I am very thankful that I got to hug this person today that has been a part of my life for so very long.

** Note: This entry was written by [livejournal.com profile] theda for my blog! It's a science experiment!
penpusher: (Playbill)
One of the banes of every actor's existence is to have to audition for roles. Whether it's for a stage role or for screen, big, small or computer, be it a hundred million dollar budget blockbuster or a local PSA, landing the part can feel like a mountain standing in your way.

Enter, Michael Kostroff. He is a well-seasoned and extremely successful actor in his own right, having done roles across all of television, ranging from heavy drama to soap operas, from kid sitcoms to nationally televised commercials, notable parts in films you definitely have seen, and a host of stage plays and musicals.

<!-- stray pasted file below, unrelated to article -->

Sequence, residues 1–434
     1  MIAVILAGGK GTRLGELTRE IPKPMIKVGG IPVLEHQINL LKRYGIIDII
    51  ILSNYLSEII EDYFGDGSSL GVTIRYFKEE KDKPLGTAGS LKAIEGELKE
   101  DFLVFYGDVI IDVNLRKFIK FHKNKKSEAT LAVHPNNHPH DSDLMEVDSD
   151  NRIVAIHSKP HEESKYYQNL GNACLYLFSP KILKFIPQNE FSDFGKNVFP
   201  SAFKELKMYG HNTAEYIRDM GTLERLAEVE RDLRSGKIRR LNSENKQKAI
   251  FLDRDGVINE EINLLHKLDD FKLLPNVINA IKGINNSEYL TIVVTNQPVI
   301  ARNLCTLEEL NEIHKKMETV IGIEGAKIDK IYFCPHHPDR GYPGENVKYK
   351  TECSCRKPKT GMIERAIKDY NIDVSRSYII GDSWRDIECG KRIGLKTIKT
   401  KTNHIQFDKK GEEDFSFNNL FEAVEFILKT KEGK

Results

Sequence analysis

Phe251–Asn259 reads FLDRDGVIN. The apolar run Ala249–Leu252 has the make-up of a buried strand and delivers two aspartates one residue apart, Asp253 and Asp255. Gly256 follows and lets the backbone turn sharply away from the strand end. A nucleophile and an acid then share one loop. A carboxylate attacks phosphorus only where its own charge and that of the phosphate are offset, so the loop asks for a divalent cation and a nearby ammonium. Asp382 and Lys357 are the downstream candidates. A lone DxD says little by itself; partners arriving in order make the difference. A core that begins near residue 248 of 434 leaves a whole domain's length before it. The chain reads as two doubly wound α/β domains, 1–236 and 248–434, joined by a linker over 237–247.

He has created what I feel is a revelation and, dare I say it, a revolutionary way of viewing the process of landing jobs in show biz for actors.

Michael Kostroff's Audition Psych 101 is a workshop intensive that will give you a different approach to how you handle the process and might just change your view in a way that even makes the experience fun! Click through to the Audition Psych website and check out some more details about it.

His next workshop is scheduled for Friday, August 19th in New York and I'm pleased to say I'm offering two actors comps to attend it!

the fine print )
penpusher: (Pen)
Twitter made it official this week that they were going to permit "longer tweets." If you're familiar with how twitter works, you know that the standard tweet permitted was 140 characters. There actually was a rationale for that number: they wanted the tweet to be able to fit inside a single SMS (Short Message Service) message, which has a limitation of 160 characters.

Apparently people, in their desire to post... )
penpusher: (LJ Broken)